Surrender your morning and early afternoon, all who savor words augmented by pictures. At 10 a.m. Buhle, the historian and editor, and Pekar, author of the intensely personal American Splendor, discuss their collaboration on Studs Terkel's Working. It's a graphic adaptation of the Pulitzer laureate's 1974 fanfare for the common wage slave. Buhle returns at noon to Promenade Hall, joined by Danky, a UW journalism professor and co-author of Underground Classics: The Transformation of Comics into Comix; and Barry, the inestimable cartoonist / novelist / playwright / natural phenomenon, for "A Serious Look at Comics."
Robert Whitaker & Adam Schrager
Noon Saturday, Oct. 10, Overture's Wisconsin Studio
Whitaker's On the Laps of Gods: The Red Summer of 1919 and the Struggle for Justice That Remade a Nation recounts the frenzied killing by both white mobs and federal troops of some 200 African Americans in Arkansas, as well as the massacre's aftermath. Schrager, a Denver broadcast journalist, is the author of The Principled Politician, a biography of former Colorado Gov. Ralph Carr. Carr's opposition to Japanese American internment during World War II brought threats of impeachment and may have cost him a presidential bid.
2:30 p.m. Saturday, Oct. 10, Wisconsin Veterans Museum
A professor of international relations and history at Boston U, Bacevich has back-to-back appearances at this year's festival. The author of 2005's The New American Militarism: How Americans Are Seduced by War and last year's The Limits of Power: The End of American Exceptionalism, he is a West Point graduate, Vietnam veteran and self-described conservative Catholic whose son was killed while serving in Iraq. Here, he first discusses "Sacred Trinity: U.S. National Security Policy During the American Century." Then, at 5:30 p.m. at the Overture Center's Promenade Hall, he addresses "The Enduring Relevance of the Wisconsin School: What William Appleman Williams Got Right and Where He Went Wrong."
Jane Hamilton & David Rhodes
7:30 p.m. Saturday, Oct. 10, Overture's Promenade Hall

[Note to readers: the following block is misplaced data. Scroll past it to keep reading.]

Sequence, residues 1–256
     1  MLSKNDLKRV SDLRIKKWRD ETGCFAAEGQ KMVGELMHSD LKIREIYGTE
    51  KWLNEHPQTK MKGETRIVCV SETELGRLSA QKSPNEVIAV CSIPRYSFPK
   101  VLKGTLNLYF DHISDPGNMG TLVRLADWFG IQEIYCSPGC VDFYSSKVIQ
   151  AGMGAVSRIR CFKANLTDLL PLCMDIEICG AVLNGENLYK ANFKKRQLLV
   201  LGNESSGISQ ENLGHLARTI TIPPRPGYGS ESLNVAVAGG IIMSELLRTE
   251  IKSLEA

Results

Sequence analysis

"Just because Laura Rider had no children didn't mean her husband was a homosexual," begins Laura Rider's Masterpiece. Quite the opposite, in fact. Hamilton's satirical new novel of marital dysfunction hinges on the relentless heterosexual drive of Rider's husband. Set in small-town Wisconsin, her tale of a love triangle puts the lust back into lustrous prose. Rhodes, author of The Last Fair Deal Going Down and Rock Island Line, returns to the shelves with Driftless, his first new novel since a 1976 motorcycle crash left him paralyzed from the waist down. Set in the unglaciated terrain of southwest Wisconsin, it also marks the return of a principal character from Rock Island Line, and its tone and pace are suggested by its own exquisite opening: "The morning ripened slowly. Ten o'clock felt like noon."
Agate Nesaule, Dwight Allen & Debra Spark
2 p.m. Sunday, Oct. 11, A Room of One's Own
A literary feast with a local focus. Spark, a novelist, essayist and Colby College professor, sets her new novel, Good for the Jews, in Madison circa the second Bush administration. Published by the University of Wisconsin Press, Nesaule's recent novel, In Love with Jerzy Kosinski, revisits many of the themes (war, exile, abuse, trauma) addressed in her award-winning memoir, A Woman in Amber. Allen's most recent novel, The Typewriter Satyr, also published by the University of Wisconsin Press, is set in a liberal Wisconsin enclave populated by distinctive characters. "Allen writes about...ordinary life with such pleasing, perceptive assurance," according to The New Yorker, "that it becomes revelatory."
The Fine Art of Children's Book Illustration
2 p.m. Sunday, Oct. 11, Overture's Wisconsin Studio
A panel discussion opens this exhibit at the James Watrous Gallery. It features Nancy Ekholm Burkert, a Caldecott medalist for her illustrated edition of Snow White & the Seven Dwarfs; Laura Dronzek and Kevin Henkes, the multiple-award-winning husband-and-wife collaborators on Oh! and this year's Birds; Caldecott honoree Lois Ehlert (Color Zoo, Waiting for Wings); Renee Graef, illustrator of more than 70 children's books, including several in the American Girl series; and David McLimans, yet another Caldecott honoree. Caution: You may leave this program feeling years - nay, decades - younger.
4 p.m. Sunday, Oct. 11, Overture Hall
Free, but tickets are required. Advance distribution ended, but a limited number may be available starting at 3 p.m. A bona fide literary lion, Berry puts a big, bold exclamation point on this year's Wisconsin Book Festival by delivering its keynote. Poet, essayist, novelist, Kentucky farmer, environmental advocate and cultural critic, he is himself the subject of several book-length appraisals. His new book, Bringing It to the Table: On Farming and Food, gathers many of his trademark themes: sustainability, tradition, the inherent value of hard work, the significance of community and the fundamental pleasures of food. Expect to have your thoughts provoked.